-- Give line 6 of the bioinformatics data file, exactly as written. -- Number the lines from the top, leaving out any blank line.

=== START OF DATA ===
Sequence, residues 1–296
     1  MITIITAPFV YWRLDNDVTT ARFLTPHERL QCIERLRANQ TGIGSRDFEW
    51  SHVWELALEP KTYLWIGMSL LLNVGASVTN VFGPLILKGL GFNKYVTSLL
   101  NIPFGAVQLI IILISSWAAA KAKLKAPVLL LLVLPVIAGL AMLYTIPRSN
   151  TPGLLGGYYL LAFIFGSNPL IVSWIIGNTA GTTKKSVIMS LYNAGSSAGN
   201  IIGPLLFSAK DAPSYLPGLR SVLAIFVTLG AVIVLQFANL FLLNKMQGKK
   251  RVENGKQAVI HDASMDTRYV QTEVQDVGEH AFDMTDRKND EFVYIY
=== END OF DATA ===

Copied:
   201  IIGPLLFSAK DAPSYLPGLR SVLAIFVTLG AVIVLQFANL FLLNKMQGKK